Panthers Skate to Continued Success in Season
The Lake County High School ski team returned to action this past weekend at Maloit Park in Minturn, Colo. They competed in an individual start skate five kilometer skate race on a cold, but partly sunny, winter morning.
The course took the skiers twice around a 2.5 kilometer loop. The first part of the loop weaved in and out of the starting area and was primarily flat. The second part sent skiers up, down, and around some hairpin turns, challenging their ability to ski fast through multiple transitions.
“This course is going to be fun!” commented Zayden Tufte after the warm up.
The girls continued their stellar season with an excellent showing in 3rd place. Ariel Benney led the team with a 7th place finish, Harper Powell was right behind in 9th, and Whitney White was next through in 12th. Molly Lenhard charged through the middle of the pack to place 18th, and Jackie Williams was 21st. Abby Holm charged to her best finish of the season in 47th. Hannah Holm and Abby Ceglowski broke 30 minutes for the 5 km course to place 62nd and 63rd.
The boys had their best showing of the season by placing 4th as a team. Brandon Hanson used a strong 2nd half of the race to place 9th. Joe Koch was close behind in 13th, and Zayden Tufte had his best finish of the season to place 26th. A duo of freshman were the next Panthers, with Conner Lenhard and Sam Frykholm notching 41st and 42nd respectively. Conner and Sam just squeaked under the state qualifying line.
Jan Birk fought through a few spills on the downhills to place 56th, and Cheyenne Mendoza was right with him in 60th. A few second behind was Matt Koch in 62nd. Matthew Seibel skied a steady pace to place 73rd in his first race of the season. Zach Coffin was 81st and Jarrett Rongstad was 82nd. Andrew Gardner was 88th.
“Another good day for our skiers,” commented assistant coach Andrew Coffin. “It was great to see Conner and Sam qualify. It shows that every second counts in these races, and you really have to stay focused even when skiing by yourself in these individual start races.”
The Panthers will return to Maloit Park next weekend for a same-day pursuit, where they will compete in both a classic and a skate race in the same day. Congratulations and GO PANTHERS!
Backcountry Avalanche Conditions Still Strong
Over the weekend, a group of skiers remotely triggered a small avalanche on a southeast facing, wind-drifted, near treeline, slope on Mt. Elbert, reported the Colorado Avalanche Information Center (CAIC). All of the skiers made it out safely and no word yet if local rescue crews were dispatched to assist.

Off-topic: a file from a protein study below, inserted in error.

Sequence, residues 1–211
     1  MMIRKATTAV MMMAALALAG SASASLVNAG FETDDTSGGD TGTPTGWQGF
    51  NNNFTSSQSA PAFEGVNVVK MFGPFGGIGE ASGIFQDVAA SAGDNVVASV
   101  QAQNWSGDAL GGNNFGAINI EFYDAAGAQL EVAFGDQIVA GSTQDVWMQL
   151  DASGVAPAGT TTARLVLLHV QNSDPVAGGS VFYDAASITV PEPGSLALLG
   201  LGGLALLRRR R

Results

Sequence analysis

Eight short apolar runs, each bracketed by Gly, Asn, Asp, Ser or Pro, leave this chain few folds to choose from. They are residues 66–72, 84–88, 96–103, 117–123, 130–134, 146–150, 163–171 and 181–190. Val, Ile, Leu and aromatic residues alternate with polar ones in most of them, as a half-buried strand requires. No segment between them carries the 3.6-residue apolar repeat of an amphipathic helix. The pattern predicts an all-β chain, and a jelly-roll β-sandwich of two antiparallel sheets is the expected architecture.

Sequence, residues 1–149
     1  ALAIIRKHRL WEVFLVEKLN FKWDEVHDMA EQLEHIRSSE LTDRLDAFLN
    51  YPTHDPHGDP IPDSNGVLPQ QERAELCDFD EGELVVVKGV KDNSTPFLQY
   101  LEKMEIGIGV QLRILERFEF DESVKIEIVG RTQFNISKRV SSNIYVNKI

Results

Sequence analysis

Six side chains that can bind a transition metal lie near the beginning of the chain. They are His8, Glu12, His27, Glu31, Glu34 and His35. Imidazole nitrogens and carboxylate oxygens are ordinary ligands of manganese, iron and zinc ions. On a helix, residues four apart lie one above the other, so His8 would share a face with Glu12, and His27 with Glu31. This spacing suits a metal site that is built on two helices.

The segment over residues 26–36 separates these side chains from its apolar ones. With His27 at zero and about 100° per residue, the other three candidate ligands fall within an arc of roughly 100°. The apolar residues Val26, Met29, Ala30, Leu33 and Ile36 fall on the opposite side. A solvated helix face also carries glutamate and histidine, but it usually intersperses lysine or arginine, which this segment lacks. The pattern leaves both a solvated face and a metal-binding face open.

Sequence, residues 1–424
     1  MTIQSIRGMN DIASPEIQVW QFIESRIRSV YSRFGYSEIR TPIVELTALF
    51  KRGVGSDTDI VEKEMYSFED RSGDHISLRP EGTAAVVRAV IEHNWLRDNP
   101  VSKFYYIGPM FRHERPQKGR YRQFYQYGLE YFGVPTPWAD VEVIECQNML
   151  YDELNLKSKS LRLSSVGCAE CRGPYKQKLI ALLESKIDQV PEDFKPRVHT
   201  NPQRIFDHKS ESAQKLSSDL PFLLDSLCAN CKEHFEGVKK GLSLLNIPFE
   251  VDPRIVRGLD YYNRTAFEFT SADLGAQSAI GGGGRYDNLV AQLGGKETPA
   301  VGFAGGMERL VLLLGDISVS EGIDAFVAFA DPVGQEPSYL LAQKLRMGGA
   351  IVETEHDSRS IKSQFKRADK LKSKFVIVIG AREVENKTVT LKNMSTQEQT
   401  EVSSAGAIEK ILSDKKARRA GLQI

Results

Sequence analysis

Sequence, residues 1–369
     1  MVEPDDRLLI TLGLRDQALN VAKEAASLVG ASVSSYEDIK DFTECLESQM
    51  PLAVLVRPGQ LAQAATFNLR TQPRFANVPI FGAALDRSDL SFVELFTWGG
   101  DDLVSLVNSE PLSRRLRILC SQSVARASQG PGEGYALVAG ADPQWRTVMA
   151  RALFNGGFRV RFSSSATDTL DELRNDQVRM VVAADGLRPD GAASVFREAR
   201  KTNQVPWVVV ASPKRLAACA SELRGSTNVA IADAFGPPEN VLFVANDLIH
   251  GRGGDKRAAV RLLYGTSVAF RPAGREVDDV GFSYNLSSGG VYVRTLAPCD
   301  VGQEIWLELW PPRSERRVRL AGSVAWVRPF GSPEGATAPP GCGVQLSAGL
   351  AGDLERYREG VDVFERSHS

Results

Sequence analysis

Meanwhile on the opposite side of the county, conditions remain consist with avalanche danger. Over the weekend, Leadville Today obtained a photo from Leadville Winter trails groomer Bob Hartzell, demonstrating a snow slide along the Mosquito Pass Range to the east of Leadville. No official word if this slide were triggered by humans on skis or snowmobiles but the ever-changing backcountry conditions are coming with a strong warning from Lake County Sheriff Rod Fenske who made the following comment in last week’s Emergency Council Services meeting.
“While I can’t tell people NOT to go, we are encouraging them to check in with dispatch and give us an idea of how many are in their group and where they’re going. That way when we get that phone call, we’ll know how many bodies to carry out,” stated Fenske, Lake County’s top law enforcement officer. The number to Lake County Emergency Dispatch Center is 719-486-1249.
In the meantime, here’s the additional report from CAIC: Be skeptical of steep slopes with hard, cohesive drifts. Steer clear of these drifts today and give them a bit more time to bond. On some slopes these stiff slabs are sitting on top of persistent weak layers that formed before the last storm, it will take longer for slabs on these slopes to become non-reactive. You could trigger an avalanche today in a fresh wind-drift, or on a more sheltered slope that has weak layers hiding underneath the last storm’s snow. Winds over the last several days have drifted a substantial amount of snow onto leeward slopes at higher elevations.
Even on more sheltered near and below treeline slope there is the possibility of triggering an avalanche that breaks 1 to 2 feet deep on surface hoar buried by the recent snow. Quickly dig down and check for weak snow at the interface before committing to a steep slope. With increasingly warm temperatures today, you may also be able to trigger a small, Loose Wet avalanche on a sunny slope this afternoon. If the snow surface gets wet and sticky, be mindful in steep terrain where getting knocked off your feet would have serious consequences.